Tuesday, March 4, 2008

Conclusion: Selling Finished Crochet Pieces

In Home Parties
I've had folks in Florida tell me that they host in-home parties (like Tupperware) to sell their finished crochet pieces and they do just fine. However, I did not hear them say they were making a living at this; just pleased with their results.

This sounds like a fabulous way to sell crochet... if you live in a community or apartment complex where you know your neighbors... or if you work in a large office building where folks know each other... This would work, but only if you have a large list of potential clientele that you don’t mind bringing into your home.

You would need a quiet isolated room in your home, where the rest of the family would not be tempted to intrude. Your party room, kitchen, and bathroom would need to be very clean. You would need to have refreshments, and games for ‘ice breakers’... basically, you would need to organize and host parties in your home- quite often to make your crochet pay for itself AND the expenses of hosting frequent parties.

I work out of my home; my husband is a territory sales rep, so neither of us know lots of people that we would want to invite to our home. Also, I have an open floor plan where my ‘entertaining room’ is my tv room and connected to my dining area. And I have a cat who would make the party miserable if he were locked out of that room, and make a nuisance of himself while he was in the room.

Nope, in-home parties would not work for me.

Portfolios & Contract Crochet
I had one lady tell me she created an 'artist’s' portfolio of her finished pieces and took them to local interior decorators. Her services were stitching pieces in the colors/yarns/patterns that the decorator and client chose.

Other ladies have told me they use the portfolio concept to sell their services for stitching samples for several Local Yarn Shops.

At least with this concept, you can create a finished piece ahead of time for the portfolio, and not include those projects/yarns that you absolutely hate to work with. You can also gently guide a customer into what will or will not work with the yarn they’ve chosen.

This could be a viable option, if you live in an area that has the need for a lot of interior decorators/designers. Not so in my little town in the Middle of Nowhere, Texas.

This would be great, if you live in a town with numerous independent yarn stores.... but our Local Yarn Shops have all closed, and they were primarily needle point and cross stitch shops that tried to branch out into knitting and crochet.

I love this idea of a Portfolio, but to be a successful stitcher, you would need to invest in that portfolio as much as artists, actors, & models invest in their portfolios... in other words... you really should let a professional put it together.

You would need to pay a professional photographer for the photos of your designs... and preferably one with experience in photographing things like this. Your ‘professional portrait photographer’ at Sears or WalMart is not a good option.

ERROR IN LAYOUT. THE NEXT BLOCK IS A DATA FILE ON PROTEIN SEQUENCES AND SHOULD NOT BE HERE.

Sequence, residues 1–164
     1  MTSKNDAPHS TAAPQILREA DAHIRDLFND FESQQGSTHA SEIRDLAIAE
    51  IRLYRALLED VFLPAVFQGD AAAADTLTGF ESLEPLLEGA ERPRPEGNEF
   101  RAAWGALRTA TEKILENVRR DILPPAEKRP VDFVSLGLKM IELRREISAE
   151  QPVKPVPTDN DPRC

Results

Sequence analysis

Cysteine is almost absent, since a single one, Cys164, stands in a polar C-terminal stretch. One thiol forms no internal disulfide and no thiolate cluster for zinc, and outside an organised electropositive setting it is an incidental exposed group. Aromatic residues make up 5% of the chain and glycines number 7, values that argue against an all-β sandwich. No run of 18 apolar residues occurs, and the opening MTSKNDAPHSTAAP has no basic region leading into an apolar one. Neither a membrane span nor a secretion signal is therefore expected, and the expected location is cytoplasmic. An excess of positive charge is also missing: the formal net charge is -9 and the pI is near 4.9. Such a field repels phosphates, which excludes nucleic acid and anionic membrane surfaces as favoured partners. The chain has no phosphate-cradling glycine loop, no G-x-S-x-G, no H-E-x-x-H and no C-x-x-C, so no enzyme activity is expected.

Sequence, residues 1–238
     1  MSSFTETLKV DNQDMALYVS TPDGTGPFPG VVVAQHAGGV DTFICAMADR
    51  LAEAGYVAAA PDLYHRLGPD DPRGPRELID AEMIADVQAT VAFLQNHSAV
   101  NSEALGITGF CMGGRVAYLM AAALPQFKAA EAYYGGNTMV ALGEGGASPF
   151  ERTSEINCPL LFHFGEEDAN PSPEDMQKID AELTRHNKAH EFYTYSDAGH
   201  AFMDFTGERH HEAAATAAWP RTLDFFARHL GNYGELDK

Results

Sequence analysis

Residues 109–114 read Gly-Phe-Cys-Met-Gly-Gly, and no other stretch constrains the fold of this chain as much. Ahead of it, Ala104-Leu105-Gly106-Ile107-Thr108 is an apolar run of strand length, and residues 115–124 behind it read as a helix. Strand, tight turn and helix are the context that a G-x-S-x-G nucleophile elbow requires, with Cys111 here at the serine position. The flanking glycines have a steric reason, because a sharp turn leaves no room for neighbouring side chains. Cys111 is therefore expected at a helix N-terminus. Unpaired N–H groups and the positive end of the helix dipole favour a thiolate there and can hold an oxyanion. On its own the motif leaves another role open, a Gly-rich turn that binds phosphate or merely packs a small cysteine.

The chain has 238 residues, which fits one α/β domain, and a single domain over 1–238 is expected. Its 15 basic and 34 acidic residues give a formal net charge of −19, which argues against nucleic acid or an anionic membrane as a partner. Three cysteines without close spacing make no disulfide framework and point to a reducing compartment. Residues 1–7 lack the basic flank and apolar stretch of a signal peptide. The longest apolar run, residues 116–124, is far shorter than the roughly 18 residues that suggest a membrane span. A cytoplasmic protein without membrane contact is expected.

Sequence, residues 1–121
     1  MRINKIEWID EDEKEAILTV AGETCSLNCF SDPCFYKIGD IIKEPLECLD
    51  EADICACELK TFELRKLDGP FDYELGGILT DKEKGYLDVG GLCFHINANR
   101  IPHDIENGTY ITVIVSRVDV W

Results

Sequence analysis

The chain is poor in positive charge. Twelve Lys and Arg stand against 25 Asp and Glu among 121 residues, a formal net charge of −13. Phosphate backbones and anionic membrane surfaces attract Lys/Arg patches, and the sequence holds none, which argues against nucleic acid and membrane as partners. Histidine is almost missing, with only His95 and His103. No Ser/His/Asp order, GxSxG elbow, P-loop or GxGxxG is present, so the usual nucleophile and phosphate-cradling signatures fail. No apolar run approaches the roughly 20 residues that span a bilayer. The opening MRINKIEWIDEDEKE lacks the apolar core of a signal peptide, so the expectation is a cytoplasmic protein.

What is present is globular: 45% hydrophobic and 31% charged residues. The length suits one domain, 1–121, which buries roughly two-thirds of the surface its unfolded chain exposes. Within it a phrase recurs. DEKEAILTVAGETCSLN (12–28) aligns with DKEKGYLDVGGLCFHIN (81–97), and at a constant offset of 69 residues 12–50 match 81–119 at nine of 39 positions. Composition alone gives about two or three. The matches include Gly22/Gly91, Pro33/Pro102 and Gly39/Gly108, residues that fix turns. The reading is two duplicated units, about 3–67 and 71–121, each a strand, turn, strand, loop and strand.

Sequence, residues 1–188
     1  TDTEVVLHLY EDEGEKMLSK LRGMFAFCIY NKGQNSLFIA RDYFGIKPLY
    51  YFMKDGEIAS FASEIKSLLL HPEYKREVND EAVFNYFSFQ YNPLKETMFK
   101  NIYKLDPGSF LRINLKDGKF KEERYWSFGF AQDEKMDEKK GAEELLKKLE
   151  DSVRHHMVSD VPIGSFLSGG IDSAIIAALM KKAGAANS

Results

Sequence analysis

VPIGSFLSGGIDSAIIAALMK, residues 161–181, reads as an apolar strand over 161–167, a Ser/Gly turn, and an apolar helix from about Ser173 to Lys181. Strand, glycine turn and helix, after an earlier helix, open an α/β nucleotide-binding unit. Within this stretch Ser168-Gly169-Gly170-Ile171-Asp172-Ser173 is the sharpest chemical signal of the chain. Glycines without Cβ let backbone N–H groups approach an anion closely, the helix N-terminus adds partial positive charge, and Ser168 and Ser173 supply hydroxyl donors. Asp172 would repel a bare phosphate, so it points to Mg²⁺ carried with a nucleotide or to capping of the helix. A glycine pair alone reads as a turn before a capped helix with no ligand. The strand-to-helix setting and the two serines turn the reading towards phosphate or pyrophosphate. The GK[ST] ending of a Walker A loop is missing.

A top quality portfolio could make you look like a true professional worthy of top pay, but portfolios like that are expensive... and like a high priced craft show... still offers no guarantees at selling your stitching services.

Don’t misunderstand my cynicism here, I think this is a fabulous idea to crochet for pay; but as with any business; you must do your research in order to be successful. And you must be a top notch sales person with this marketing plan; because if you can’t sell the concept to Interior Designers or Yarn Store owners, you won’t have any business.

Contract Crocheting for Publishers...
I have heard that some folks do quite nicely as contract crocheters for publishers. However, I've heard complaints that an editor can dump 3 huge projects in your lap (lace table cloths, queen sized bedspreads with detailed graph work done in sc), and then they get angry when the crocheter couldn't finish all three huge projects in a week or two.

This is where you must be able to meet strict deadlines or have the time to work 8 hours a day crocheting. And your stitching must be perfect and fast, so that you can make a bedspread in a week.

Pattern Tester for Designers & Publishers....
As a pattern tester, you need to be an intuitive crocheter, so you can correct mistakes or ascertain that this is a mistake and how to correct it.

There is ok money in this from major publishers/designers, IF you can convince them to use you.

The biggest problem with contract crocheting and pattern testing is getting your name into the hands of those folks who need those types of crocheters. And honestly, I have no information on how to do that.

Before you approach an interior decorator, or a publisher for contract crocheting, chart available time that you can dedicate to crochet. Interior designers & publishers will have strict deadlines that you must meet, or they can cut your pay, or not pay at all for pieces that are excessively late.

As you can see, there are many many options of getting paid to crochet, but each avenue has it’s pitfalls and risks. Only you can determine what is the best avenue for you, and knowledge is the first step. Research, Research, Research. Armed with enough research and proper planning, you can be successful.

One final option is Designing and Publishing your own projects, and I will cover that in the days/weeks to come.

© Angela ‘ARNie’ Grabowski 2008. All rights reserved. For more crochet fun, visit ChezCrochet.com
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